DUBUQUE, Iowa – Our Lady of the Mississippi Abbey, near Dubuque, is known for the lives of prayer the Trappistine Sisters lead there and for the delicious caramels they make. Now an even wider audience will get a glimpse into their lives.
A four-part television series, “The Monastery,” filmed in Dubuque a year ago, will be shown on the TLC cable channel. It was to debut at 2 p.m. EDT on Easter, April 8, and continue for three more Sundays at the same time.
Five women who answered a casting call were chosen to spend 40 days and nights in a women’s monastery somewhere in the United States.
That “somewhere” turned out to be Our Lady of the Mississippi. The entire 40 days were filmed. The finished product is a companion to “The Monastery” series filmed at the men’s Monastery of Christ in the Desert in Abiquiu, N.M., shown last fall on TLC.
After a similar series on monasteries was televised in England, letters of invitation were sent to all U.S. men’s and women’s monasteries by the Tiger/Tigress Production Co. looking for willing candidates for a series in this country.
“The productions in England were very successful,” said Mother Gail Fitzpatrick, former abbess of the Dubuque Trappistine Community. “There was a huge turnaround in interest in the church and religious life.”
Then one day, the Dubuque abbey received a phone call. “I think we were approached because our community has many younger members, and a production like this needs that energy,” said Mother Gail.
That was the beginning of a three-month process of intensive prayer, dialogue and visiting with the producer, Sara Woodford, before the community came to a consensus and agreed to be filmed. Mother Gail also had been encouraged to participate by colleagues in other countries.
“Seeing the wonderful video from England and hearing of the positive image of religious life it portrayed gave us a sense of trust” in Tiger/Tigress, she said. The agreement to have cameras rolling for 40 days in a contemplative religious community, while integrating five new women who had no experience of monastic life, was a huge decision.
“In prayer, we came to the decision,” Mother Gail told The Witness, Dubuque’s archdiocesan newspaper. “It is our belief that people who watch the program will have some sense of what our life is about and how contact with God is a way of living in hope. That was our main reason for doing it.”
Extensive preparations were made for the arrival of the women and the television crew. Each woman would have a mentor, but the Trappistine mentors were not assigned until the women arrived so personalities could be blended.
“Monastic life was a huge shock for the women,” said Mother Gail. “It was so different from their lifestyle and it took a tremendous amount of time and effort for them to adjust.” Plans made before the women arrived were revised almost daily. Some found the adjustment extremely difficult and came close to leaving.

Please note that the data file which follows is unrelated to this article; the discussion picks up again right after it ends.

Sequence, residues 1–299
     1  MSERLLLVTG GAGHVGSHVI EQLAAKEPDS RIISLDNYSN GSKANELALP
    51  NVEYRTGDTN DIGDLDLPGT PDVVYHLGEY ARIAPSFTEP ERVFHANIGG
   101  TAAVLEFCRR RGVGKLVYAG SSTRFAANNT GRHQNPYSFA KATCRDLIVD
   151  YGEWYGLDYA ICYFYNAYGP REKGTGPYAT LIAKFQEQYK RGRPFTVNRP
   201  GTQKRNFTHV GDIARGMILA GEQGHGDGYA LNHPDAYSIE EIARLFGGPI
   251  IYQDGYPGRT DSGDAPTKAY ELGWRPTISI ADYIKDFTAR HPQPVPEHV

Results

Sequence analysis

“I really give the women credit for deciding to stay,” Mother Gail said. “They said they came to be part of this experience and eventually decided to stick with it. In the end, they were happy they stayed.”
For the first week, the women did not get up at 3 a.m. with the sisters. But from 5:30 a.m. on, they lived the life of the sisters: prayer, meals, manual labor, classes and, of course, some recreation.
One of the hardest adjustments was keeping silence. Only one woman was Catholic; two were Christian and the other two were nonbelievers.
“We didn’t have a common language, and that proved to be a great challenge,” said Mother Gail. “We were trying to express our values and beliefs in Jesus Christ, in God. We tried to speak of grace, heaven, redemption, etc., in a language they could understand.”
Classes on monastic life and basic Christian teaching were helpful, at least to a degree. In addition to the five participants, the six-member TV crew – all women – was on-site. “They worked hard – were on the cameras 12 hours a day,” said Mother Gail. “That mic(rophone) must have seemed very heavy for that long a time for the audio person!”
Today, crew members and participants remain in touch with the sisters.
“This is one way we could share some of our own joy in God and allow people to see it in action rather than just talking about it,” Mother Gail said. “Living totally in God is really worth the sacrifice and generates so much joy and hope in our lives.”